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With help of tranquilizer darts, black bear sent back to forest

April 10, 2012 |  7:07 pm

Glendale bear
By all accounts, the 400-pound black bear, now synonymous with Glendale, is very, very smart. Smarter, police say, than the average bear.

After he first discovered Costco meatballs in a resident’s refrigerator about a month ago, authorities say the bear has returned to the same house on the 3800 block of Cedarbend Drive three times seeking the same dinner. He even monitored trash schedules in multiple neighborhoods, nailing down the days when he could nab free food.

But on Tuesday, the meatball-loving bear's good fortune ran out. He was felled by multiple tranquilizer darts in drama that unfolded on morning television. He was then taken deep into the Angeles National Forest with what state Department of Fish and Game officials described as a “heck of a hangover.”

“I feel sorry for it. It’s just down here trying to survive,” said Tod Sciacqua, 44, of Montrose. “This is what happens when you build homes against the forest. We encroach on their land, they end up in our backyards. That’s the way it goes.”

The bear, who has a Twitter handle that names him “Glen Bearian,” had his fate sealed sometime after 6 a.m. Tuesday when Fish and Game Lt. Martin Wall was summoned to Montrose after police received  four reports of bear sightings.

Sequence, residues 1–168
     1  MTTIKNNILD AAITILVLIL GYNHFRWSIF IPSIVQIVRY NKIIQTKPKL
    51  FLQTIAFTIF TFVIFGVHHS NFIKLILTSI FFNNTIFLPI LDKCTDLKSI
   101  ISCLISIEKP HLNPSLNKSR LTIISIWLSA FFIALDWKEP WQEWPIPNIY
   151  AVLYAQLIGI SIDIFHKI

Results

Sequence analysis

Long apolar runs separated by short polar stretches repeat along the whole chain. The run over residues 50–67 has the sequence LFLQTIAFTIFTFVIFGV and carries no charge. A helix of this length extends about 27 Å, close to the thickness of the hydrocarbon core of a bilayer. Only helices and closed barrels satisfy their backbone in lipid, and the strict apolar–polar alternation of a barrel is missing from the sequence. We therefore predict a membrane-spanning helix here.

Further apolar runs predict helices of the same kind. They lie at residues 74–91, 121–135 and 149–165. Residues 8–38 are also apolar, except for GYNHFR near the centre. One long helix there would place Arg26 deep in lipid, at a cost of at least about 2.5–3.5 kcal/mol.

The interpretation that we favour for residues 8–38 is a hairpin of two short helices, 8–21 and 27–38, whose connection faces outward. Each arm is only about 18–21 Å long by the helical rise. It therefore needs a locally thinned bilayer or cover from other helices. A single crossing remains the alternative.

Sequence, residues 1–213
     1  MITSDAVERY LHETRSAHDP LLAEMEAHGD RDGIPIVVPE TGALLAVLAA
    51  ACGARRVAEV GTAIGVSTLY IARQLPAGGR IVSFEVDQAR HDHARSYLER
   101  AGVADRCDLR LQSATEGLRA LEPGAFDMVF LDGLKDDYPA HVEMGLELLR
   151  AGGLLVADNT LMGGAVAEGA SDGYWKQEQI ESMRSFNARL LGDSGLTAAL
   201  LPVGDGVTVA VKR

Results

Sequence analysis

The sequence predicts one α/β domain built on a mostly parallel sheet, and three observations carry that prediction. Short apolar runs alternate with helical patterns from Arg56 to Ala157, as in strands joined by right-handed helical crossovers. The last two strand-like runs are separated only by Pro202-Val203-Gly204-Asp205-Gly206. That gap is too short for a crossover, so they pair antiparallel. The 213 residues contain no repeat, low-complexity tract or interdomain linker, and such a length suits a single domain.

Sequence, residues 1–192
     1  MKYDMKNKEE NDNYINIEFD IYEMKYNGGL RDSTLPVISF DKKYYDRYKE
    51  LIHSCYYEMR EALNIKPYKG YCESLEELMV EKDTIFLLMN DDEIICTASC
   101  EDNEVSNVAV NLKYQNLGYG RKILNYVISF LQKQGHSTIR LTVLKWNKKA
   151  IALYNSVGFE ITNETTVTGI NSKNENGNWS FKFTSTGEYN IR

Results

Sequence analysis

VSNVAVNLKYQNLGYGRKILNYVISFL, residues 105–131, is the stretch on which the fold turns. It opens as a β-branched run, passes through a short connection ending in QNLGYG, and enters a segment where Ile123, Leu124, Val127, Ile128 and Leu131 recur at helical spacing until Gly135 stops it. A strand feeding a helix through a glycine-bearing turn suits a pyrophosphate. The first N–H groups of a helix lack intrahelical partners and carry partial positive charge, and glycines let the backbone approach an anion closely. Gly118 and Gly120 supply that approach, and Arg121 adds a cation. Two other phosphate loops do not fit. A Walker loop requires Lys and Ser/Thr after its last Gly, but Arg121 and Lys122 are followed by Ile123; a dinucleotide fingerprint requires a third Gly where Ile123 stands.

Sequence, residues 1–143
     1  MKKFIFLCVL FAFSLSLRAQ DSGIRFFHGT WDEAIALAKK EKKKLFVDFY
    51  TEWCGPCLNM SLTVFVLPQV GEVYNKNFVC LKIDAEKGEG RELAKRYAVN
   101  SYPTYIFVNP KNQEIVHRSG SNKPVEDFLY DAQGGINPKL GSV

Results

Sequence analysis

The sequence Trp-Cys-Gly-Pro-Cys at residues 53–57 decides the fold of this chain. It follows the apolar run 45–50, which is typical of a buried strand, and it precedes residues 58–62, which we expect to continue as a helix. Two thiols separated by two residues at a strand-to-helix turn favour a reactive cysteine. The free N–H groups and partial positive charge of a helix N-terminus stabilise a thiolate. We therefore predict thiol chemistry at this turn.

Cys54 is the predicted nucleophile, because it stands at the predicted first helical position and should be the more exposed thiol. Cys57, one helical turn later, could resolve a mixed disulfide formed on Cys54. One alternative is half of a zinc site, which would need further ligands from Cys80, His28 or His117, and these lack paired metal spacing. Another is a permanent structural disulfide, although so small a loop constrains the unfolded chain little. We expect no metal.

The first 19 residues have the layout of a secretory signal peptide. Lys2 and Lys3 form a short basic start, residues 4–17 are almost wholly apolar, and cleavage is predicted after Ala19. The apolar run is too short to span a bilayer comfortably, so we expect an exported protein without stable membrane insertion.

By about 7:30 a.m. the bear had been struck twice by tranquilizer darts, Wall said. About an hour later, he was mixing chemicals on the back of a truck bed, when a colleague approached and said, “We’ve got to end this thing.”

Wall injected a third dart into the bear and helped seven deputies carry the now-sleeping bear out of a narrow apartment-complex gate.

“It’s like moving a water bed without a frame,” Wall said afterward.

In front of dozens of locals, some dressed in pajamas, others carrying their kids on their shoulders, authorities slid the blanketed bear into in a giant cylindrical tube. When the bear trap slammed shut, the spectators let out a cheer and said the applause was as much for their own renewed safety as for the bear that became the town’s mascot.

“It’s sort of the local legend of Montrose,” Pam Raines, 58 said of the bear. “He’s never hurt anybody.

“We get coyotes all the time, and they’re more dangerous than the bears that come down here,” added Chris Lagerstrom, 31, of La Crescenta. “We love cuddly bears.”

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--Matt Stevens

Twitter.com/mattstevenslat

Photo: A black bear strolls through the yard of a home in the 2300 block of Mayfield Avenue in La Crescenta on Tuesday morning. Credit: Irfan Khan / Los Angeles Times

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